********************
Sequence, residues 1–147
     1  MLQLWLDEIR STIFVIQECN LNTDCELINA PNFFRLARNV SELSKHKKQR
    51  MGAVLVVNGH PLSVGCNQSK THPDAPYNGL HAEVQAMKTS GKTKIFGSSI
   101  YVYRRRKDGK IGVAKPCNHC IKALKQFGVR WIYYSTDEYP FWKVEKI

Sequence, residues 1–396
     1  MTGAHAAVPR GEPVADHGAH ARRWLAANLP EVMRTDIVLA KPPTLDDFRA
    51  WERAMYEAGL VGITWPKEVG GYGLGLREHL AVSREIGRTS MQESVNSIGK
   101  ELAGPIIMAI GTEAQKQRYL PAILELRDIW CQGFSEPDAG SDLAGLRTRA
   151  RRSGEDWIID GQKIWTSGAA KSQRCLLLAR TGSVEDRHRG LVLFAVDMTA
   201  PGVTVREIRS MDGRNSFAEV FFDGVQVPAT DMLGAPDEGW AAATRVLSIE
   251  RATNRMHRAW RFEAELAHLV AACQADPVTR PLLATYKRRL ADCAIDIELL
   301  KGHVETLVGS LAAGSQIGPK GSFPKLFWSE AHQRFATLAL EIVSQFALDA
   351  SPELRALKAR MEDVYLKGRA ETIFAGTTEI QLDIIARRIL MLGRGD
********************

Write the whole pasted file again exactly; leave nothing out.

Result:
Sequence, residues 1–147
     1  MLQLWLDEIR STIFVIQECN LNTDCELINA PNFFRLARNV SELSKHKKQR
    51  MGAVLVVNGH PLSVGCNQSK THPDAPYNGL HAEVQAMKTS GKTKIFGSSI
   101  YVYRRRKDGK IGVAKPCNHC IKALKQFGVR WIYYSTDEYP FWKVEKI

Sequence, residues 1–396
     1  MTGAHAAVPR GEPVADHGAH ARRWLAANLP EVMRTDIVLA KPPTLDDFRA
    51  WERAMYEAGL VGITWPKEVG GYGLGLREHL AVSREIGRTS MQESVNSIGK
   101  ELAGPIIMAI GTEAQKQRYL PAILELRDIW CQGFSEPDAG SDLAGLRTRA
   151  RRSGEDWIID GQKIWTSGAA KSQRCLLLAR TGSVEDRHRG LVLFAVDMTA
   201  PGVTVREIRS MDGRNSFAEV FFDGVQVPAT DMLGAPDEGW AAATRVLSIE
   251  RATNRMHRAW RFEAELAHLV AACQADPVTR PLLATYKRRL ADCAIDIELL
   301  KGHVETLVGS LAAGSQIGPK GSFPKLFWSE AHQRFATLAL EIVSQFALDA
   351  SPELRALKAR MEDVYLKGRA ETIFAGTTEI QLDIIARRIL MLGRGD